Major depression affects 2% of persons over the age of 55, and the likelihood of developing it increases as one’s age approaches 60 years. Aside from that, 10 to 15 percent of older persons experience clinically significant depressive symptoms, even when they do not have clinically significant severe depression.
The good news is that the vast majority of older persons do not suffer from depression or anxiety. Several studies have found that serious depression affects between 1% and 5% of older persons who live in the community; however, the figure rises to 13.5 percent in those who require home health care and 11.5 percent in older hospitalized patients.
Why don’t most older adults experience depression?
With so many older persons experiencing disability, grief, or other unpleasant experiences in late life, as well as age-related changes in immunological, neurological, and other biological systems, it is of great interest to learn why so many older adults are not depressed.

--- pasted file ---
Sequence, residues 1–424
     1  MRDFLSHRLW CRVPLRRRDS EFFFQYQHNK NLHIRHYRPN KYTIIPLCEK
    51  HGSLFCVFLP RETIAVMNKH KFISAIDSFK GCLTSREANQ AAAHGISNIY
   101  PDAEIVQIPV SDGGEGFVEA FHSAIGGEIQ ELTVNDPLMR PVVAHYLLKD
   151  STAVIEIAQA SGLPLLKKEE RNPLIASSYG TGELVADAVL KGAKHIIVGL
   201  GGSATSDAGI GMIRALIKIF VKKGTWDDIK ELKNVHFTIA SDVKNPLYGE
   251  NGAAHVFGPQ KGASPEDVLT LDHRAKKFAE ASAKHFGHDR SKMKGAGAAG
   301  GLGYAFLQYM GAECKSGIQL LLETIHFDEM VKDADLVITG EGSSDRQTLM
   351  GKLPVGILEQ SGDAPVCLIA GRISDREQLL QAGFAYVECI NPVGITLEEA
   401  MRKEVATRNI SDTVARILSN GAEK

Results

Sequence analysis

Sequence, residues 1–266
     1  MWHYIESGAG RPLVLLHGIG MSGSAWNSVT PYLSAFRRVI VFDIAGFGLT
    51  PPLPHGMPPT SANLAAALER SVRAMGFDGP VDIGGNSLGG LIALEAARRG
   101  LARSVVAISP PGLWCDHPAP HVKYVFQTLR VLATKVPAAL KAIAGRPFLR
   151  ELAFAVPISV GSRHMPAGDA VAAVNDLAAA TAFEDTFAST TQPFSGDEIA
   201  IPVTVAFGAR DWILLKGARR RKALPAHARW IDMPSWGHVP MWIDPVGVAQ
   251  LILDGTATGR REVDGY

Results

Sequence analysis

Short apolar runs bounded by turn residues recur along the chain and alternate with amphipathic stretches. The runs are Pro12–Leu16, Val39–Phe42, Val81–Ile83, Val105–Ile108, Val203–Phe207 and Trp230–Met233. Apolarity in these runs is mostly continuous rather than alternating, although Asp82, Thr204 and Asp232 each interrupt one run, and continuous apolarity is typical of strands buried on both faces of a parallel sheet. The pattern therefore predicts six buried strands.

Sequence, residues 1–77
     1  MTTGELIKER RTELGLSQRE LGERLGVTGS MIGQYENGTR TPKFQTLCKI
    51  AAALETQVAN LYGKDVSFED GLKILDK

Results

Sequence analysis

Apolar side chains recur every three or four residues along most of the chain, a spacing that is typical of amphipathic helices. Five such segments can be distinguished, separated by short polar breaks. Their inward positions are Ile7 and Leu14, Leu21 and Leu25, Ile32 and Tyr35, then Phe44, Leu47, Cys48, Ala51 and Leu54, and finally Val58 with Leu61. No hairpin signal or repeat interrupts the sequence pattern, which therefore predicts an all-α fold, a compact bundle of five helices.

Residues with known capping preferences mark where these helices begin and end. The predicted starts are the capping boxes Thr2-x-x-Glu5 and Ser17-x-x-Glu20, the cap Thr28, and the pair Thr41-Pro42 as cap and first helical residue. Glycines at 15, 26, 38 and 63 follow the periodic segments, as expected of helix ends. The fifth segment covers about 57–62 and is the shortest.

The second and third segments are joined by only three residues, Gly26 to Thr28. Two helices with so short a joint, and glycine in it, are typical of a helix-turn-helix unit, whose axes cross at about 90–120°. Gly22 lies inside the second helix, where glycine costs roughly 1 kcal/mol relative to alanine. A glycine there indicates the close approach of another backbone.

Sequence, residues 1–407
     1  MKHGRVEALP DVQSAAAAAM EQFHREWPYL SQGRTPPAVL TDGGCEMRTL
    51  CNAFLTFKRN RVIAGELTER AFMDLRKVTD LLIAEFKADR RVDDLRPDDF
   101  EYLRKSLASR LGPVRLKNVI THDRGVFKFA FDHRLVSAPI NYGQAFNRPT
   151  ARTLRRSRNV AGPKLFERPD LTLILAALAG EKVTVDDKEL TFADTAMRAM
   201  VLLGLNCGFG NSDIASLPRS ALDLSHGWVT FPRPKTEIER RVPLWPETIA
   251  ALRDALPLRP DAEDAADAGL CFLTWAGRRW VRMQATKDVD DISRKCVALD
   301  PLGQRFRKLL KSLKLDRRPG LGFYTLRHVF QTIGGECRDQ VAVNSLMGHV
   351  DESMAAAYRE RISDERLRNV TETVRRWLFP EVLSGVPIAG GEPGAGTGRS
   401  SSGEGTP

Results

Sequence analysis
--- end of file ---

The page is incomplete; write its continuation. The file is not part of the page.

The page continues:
What is the presentation of depression in older adults?
Depression manifests itself in a very different manner in older persons than it does in younger adults. The most notable and basic variation in presentation in older persons is that depression can manifest itself without the presence of an affect component, i.e. without the presence of subjective sensations of low mood or sorrow 3,6-9.
Is sleep disturbance a risk factor for depression in older adults?
According to a meta-analysis, sleep disruption is a risk factor for depression in older persons, with a pooled odds ratio of 2.6 and a population attributable risk of 57.0 percent being shown ( Cole & Dendukuri, 2003 ).